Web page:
Figure 6

A smooth polished surface produces a well-defined image and can be more translucent 4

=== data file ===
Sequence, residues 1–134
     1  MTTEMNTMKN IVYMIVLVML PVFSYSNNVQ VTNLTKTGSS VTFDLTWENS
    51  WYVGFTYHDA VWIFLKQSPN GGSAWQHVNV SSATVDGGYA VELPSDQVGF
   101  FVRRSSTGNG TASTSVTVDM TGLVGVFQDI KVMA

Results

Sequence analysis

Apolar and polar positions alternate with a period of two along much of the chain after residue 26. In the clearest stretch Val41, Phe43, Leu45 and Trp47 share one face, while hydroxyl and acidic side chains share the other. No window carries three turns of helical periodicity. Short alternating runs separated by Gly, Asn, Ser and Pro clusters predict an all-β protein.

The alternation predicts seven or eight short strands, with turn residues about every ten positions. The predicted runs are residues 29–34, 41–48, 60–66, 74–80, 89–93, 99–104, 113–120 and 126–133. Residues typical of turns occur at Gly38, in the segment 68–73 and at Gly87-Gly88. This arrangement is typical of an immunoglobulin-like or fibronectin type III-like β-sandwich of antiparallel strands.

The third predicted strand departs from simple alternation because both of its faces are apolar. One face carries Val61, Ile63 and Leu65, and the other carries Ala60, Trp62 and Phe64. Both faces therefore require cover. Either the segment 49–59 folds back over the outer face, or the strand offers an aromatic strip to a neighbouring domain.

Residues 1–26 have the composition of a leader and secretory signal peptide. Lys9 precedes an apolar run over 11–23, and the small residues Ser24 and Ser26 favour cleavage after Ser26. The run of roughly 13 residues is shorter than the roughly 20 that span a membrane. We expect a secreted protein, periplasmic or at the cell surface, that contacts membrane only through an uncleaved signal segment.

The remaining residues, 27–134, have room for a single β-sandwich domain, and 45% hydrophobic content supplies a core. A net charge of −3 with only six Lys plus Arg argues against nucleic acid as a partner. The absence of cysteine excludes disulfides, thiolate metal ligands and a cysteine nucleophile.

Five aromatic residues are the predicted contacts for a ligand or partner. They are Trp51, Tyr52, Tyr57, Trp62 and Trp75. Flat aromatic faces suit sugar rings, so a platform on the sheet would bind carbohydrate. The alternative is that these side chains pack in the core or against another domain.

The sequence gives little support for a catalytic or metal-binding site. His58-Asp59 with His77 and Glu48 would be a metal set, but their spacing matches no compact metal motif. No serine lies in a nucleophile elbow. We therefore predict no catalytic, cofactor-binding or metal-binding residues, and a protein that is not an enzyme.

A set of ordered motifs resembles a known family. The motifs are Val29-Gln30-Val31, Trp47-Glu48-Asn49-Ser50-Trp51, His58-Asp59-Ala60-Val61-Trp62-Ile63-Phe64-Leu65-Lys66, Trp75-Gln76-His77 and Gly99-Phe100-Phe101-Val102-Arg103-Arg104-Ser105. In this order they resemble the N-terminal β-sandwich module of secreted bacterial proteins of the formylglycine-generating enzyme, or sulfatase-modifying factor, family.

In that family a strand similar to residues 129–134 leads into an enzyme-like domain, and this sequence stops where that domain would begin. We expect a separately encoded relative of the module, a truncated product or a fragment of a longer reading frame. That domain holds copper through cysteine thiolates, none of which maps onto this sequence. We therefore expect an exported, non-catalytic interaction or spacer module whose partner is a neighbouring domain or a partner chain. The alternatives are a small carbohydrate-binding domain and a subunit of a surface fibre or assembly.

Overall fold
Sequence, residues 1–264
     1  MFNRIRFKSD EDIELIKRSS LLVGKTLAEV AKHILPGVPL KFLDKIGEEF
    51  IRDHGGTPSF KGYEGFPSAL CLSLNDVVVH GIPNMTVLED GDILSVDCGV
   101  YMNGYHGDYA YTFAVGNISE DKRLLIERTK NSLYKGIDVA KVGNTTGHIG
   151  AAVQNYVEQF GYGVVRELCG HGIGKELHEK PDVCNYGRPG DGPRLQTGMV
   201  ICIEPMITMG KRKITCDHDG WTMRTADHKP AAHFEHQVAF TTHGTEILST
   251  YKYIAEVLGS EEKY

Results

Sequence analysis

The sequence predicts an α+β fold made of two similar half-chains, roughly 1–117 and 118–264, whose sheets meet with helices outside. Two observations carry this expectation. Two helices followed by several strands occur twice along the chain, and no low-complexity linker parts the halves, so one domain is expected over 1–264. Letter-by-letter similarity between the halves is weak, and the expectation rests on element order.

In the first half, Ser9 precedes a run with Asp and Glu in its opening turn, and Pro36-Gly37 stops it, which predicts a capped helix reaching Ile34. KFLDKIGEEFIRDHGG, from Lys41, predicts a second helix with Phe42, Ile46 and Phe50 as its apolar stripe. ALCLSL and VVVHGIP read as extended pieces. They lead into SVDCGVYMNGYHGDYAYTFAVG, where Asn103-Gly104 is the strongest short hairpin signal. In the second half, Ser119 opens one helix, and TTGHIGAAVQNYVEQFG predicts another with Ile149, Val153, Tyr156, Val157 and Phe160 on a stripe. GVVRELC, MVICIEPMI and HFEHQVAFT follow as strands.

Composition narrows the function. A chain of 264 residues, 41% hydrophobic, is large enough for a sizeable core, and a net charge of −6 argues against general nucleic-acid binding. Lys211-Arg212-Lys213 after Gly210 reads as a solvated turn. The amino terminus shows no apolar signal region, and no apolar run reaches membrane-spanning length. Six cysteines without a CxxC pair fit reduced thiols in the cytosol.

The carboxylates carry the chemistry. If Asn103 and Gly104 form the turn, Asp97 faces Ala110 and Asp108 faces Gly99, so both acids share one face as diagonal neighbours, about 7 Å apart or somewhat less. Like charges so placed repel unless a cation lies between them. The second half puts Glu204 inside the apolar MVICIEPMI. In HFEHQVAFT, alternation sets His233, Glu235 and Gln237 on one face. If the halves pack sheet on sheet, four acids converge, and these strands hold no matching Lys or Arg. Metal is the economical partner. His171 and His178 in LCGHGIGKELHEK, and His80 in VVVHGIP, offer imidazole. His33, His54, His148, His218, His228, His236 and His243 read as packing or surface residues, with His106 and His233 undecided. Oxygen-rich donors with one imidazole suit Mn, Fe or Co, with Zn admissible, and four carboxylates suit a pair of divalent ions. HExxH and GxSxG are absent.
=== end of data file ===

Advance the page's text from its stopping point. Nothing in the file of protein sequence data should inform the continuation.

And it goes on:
Figure 5

A roughened surface diffuses light 4